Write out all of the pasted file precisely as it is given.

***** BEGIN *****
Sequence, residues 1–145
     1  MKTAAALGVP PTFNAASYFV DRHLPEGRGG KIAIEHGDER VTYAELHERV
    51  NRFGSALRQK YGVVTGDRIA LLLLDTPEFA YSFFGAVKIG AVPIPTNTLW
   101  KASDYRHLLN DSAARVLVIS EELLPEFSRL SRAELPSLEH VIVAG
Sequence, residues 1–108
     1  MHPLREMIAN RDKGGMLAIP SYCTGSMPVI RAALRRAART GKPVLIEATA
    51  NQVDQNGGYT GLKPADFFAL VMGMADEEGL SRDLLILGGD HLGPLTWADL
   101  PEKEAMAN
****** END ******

Sequence, residues 1–145
     1  MKTAAALGVP PTFNAASYFV DRHLPEGRGG KIAIEHGDER VTYAELHERV
    51  NRFGSALRQK YGVVTGDRIA LLLLDTPEFA YSFFGAVKIG AVPIPTNTLW
   101  KASDYRHLLN DSAARVLVIS EELLPEFSRL SRAELPSLEH VIVAG
Sequence, residues 1–108
     1  MHPLREMIAN RDKGGMLAIP SYCTGSMPVI RAALRRAART GKPVLIEATA
    51  NQVDQNGGYT GLKPADFFAL VMGMADEEGL SRDLLILGGD HLGPLTWADL
   101  PEKEAMAN